It’s been over a year since the first season of Netflix’s teen drama 13 Reasons Why premiered. The show, based on Jay Asher’s book of the same name, followed the aftermath of young Hannah Baker’s suicide on her high school and loved ones. Before she died, she recorded thirteen tapes chronicling the reasons why she killed herself (and the people behind them). Now, the second season is out, and it continues where the first left off. Hannah’s parents’ trial against the school has moved forward, and now the subjects of the tapes are preparing to testify. Clay (Dylan Minnette) is continually haunted by visions of Hannah. Alex (Miles Heizer) is recovering from his attempted suicide. Jessica (Alisha Boe) is still recuperating from her discovery of her rape by Bryce (Justin Prentice), who is dealing with the fallout of his actions against girls.
When I began this season, I was excited. I loved the first season greatly. It was one of the tensest and riveting shows I’ve ever seen, exploring one girl’s harrowing journey and the people that caused it. You saw her pain, her struggle, and her eventual downfall as she took her own life, leaving her parents to find her body. Unlike others, I found this season perfectly necessary. I made plenty of sense to me that there was more story to tell. While that involved deviating from the source material, I actually found this season quite entertaining.
My main issue with this season is the focus on the trial. This season shifts focus many times, which gives the first season an edge over this one. That being said, I felt much more engaged while watching the sections revolving around student life. Many pieces of the trial felt uneven, and the eventual outcome was extremely disappointing (though I should’ve seen it coming). I probably would’ve been more interested in the trial if there was more time spent on it. It felt pretty rushed and sidelined in the long-run. However, there’s no excuse for disjointed storytelling.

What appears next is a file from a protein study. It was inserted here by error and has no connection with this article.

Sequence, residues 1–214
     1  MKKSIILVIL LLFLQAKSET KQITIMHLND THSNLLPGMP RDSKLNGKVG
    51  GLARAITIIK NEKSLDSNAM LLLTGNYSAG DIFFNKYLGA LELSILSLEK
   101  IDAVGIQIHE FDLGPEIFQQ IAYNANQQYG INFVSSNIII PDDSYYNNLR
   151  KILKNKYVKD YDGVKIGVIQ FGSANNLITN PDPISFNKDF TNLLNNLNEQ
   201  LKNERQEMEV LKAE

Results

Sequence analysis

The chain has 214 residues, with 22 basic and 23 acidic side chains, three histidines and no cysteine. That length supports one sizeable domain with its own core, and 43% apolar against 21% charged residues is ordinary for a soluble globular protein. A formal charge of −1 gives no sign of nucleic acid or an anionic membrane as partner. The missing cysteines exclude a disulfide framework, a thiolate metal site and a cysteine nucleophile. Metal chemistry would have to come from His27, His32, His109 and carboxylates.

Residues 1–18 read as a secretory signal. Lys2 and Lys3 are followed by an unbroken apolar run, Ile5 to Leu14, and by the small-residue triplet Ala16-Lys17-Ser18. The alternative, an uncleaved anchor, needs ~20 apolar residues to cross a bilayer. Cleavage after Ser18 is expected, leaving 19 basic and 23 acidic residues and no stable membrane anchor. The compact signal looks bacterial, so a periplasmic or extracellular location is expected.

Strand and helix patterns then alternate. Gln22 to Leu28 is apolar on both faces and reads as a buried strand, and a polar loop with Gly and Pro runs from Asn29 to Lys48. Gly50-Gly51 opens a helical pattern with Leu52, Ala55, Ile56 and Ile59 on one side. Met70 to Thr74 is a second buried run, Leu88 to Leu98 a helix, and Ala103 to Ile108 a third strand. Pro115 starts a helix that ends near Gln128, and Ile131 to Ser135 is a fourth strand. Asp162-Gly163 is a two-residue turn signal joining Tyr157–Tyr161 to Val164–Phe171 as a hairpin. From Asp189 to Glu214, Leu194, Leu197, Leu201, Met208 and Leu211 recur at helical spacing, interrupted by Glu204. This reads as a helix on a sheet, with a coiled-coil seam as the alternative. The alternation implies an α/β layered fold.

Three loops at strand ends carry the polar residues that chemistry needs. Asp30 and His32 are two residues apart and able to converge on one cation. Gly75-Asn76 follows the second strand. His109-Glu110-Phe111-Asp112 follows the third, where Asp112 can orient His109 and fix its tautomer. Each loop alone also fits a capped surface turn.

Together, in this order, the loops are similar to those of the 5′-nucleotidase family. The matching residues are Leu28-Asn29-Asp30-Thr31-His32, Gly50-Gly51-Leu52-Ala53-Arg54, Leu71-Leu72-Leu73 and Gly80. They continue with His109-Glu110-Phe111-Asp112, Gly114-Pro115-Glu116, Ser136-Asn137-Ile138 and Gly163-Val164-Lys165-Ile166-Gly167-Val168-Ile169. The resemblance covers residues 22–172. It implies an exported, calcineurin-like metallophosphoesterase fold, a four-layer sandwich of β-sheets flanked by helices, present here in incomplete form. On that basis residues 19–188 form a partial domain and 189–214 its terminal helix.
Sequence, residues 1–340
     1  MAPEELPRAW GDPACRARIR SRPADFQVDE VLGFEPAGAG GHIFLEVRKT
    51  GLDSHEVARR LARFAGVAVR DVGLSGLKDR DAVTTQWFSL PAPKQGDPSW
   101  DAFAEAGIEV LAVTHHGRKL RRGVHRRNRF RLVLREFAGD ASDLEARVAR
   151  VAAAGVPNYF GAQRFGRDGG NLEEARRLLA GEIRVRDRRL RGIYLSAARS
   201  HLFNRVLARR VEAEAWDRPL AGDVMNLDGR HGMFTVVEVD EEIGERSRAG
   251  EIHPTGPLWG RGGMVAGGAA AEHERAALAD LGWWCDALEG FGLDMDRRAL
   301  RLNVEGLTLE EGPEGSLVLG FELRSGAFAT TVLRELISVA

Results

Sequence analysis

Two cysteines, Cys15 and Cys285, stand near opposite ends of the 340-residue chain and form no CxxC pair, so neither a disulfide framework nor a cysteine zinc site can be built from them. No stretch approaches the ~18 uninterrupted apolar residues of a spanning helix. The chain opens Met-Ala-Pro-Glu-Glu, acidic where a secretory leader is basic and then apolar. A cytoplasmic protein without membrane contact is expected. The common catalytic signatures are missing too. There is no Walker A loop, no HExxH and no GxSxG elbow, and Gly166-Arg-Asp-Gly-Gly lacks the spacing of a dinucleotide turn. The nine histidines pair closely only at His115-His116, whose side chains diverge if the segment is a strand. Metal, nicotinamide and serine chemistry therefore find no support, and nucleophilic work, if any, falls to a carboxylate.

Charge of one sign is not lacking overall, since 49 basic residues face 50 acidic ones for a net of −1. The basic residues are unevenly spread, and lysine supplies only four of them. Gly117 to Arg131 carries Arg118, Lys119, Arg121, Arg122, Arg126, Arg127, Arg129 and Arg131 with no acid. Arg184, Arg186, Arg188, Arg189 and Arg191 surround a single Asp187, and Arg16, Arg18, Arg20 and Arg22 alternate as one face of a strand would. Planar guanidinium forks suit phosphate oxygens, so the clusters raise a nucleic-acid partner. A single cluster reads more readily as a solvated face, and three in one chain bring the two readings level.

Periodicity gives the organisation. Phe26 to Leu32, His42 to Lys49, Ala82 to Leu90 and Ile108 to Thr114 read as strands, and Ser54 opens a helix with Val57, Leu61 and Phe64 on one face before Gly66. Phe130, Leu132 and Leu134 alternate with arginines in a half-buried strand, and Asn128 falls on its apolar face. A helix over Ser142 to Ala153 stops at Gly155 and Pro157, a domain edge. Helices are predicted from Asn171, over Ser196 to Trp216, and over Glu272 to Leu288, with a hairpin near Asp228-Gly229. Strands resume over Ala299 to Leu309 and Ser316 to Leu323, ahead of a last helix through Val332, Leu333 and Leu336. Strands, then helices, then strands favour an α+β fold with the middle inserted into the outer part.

This show also ventured into what I like to call “Riverdale Territory” this season. A show drifts into “Riverdale Territory” when it tends to become largely unrealistic, predictable, and corny, often finding no reason to justify its own existence. I kid you not, there is a scene in this season where a school-wide brawl breaks out. This would normally be acceptable, but even the teachers join in! It was unintentionally hilarious but still shows how shows can suffer in their sophomore season.
I do really like the time spent on each character this season. Each one gets their own separate arc, which was definitely nice to see. While we mainly saw Hannah’s struggles in Season 1, that was her story. Suicide is a chain reaction, affecting everyone around the victim. Their friends. Their family. We now get to view her story from their perspective, giving a fresh look at how everyone is affected.
I understand that the point of this program is to detail events that occur in daily life, but the people behind this show definitely bit off more than they could chew with the finale. The graphic depiction of Hannah’s suicide in Season 1 was unnecessary enough (she took some pills in the novel), but there’s a horrifying scene depicted at the end of this season that was extremely hard to watch. I won’t go into detail about it, and, like I said prior, I understand the reasoning behind this show. But this was a scene that was not only uncalled for, but also (in my opinion) played for shock value, and for that reason only.
13 Reasons Why: Season 2 never manages to hit the heights of its predecessor, but still serves as a semi-worthwhile follow-up. The majority of the season is trite and struggles to justify its own existence, but by the end of the season, it’s clear that this show needed some extra room to grow. It’s certainly not perfect, in fact, it’s imperfect. But it still manages to hold your attention until the very end with its fully realized characters and pacing.
13 Reasons Why stars Dylan Minnette, Katherine Langford, Christian Navarro, Alisha Boe, Brandon Flynn, Justin Prentice, Miles Heizer, Ross Butler, Devin Druid, Amy Hargreaves, Derek Luke, Kate Walsh, Brian d’Arcy James. Developed by Brian Yorkey.